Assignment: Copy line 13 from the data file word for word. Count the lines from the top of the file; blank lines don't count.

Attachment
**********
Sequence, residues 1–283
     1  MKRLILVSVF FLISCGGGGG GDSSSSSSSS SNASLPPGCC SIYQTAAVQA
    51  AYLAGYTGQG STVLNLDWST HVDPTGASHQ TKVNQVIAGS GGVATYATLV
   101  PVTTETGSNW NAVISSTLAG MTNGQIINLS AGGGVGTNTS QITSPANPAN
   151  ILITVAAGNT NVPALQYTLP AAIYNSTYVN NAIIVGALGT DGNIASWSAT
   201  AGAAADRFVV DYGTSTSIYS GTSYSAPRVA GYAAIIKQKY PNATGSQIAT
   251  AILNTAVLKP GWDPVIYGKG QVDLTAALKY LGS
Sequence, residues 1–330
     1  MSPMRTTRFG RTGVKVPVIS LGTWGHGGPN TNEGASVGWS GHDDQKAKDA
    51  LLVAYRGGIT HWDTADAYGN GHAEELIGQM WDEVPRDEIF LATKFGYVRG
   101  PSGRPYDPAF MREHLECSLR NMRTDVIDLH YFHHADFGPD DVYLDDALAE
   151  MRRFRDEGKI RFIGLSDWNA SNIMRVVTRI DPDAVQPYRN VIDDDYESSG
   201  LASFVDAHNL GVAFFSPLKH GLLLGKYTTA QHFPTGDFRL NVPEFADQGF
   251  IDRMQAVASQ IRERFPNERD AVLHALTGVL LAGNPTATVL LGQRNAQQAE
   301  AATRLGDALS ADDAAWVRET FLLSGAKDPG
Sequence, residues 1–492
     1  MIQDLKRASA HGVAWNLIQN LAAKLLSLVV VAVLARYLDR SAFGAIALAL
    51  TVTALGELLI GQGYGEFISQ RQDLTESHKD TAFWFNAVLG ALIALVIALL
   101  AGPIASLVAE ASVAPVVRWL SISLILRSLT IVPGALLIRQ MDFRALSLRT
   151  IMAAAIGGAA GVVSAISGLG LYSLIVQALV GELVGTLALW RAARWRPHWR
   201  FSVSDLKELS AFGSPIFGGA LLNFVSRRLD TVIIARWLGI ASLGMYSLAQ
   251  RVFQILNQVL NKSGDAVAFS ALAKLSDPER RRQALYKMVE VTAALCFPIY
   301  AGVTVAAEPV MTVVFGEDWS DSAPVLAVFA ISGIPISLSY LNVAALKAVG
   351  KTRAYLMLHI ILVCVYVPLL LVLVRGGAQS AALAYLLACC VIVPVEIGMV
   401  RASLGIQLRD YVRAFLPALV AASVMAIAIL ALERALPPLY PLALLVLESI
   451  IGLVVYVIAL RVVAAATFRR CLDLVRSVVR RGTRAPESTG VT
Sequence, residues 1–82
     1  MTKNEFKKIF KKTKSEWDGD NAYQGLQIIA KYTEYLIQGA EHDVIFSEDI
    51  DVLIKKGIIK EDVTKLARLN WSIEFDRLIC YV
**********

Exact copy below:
   201  LASFVDAHNL GVAFFSPLKH GLLLGKYTTA QHFPTGDFRL NVPEFADQGF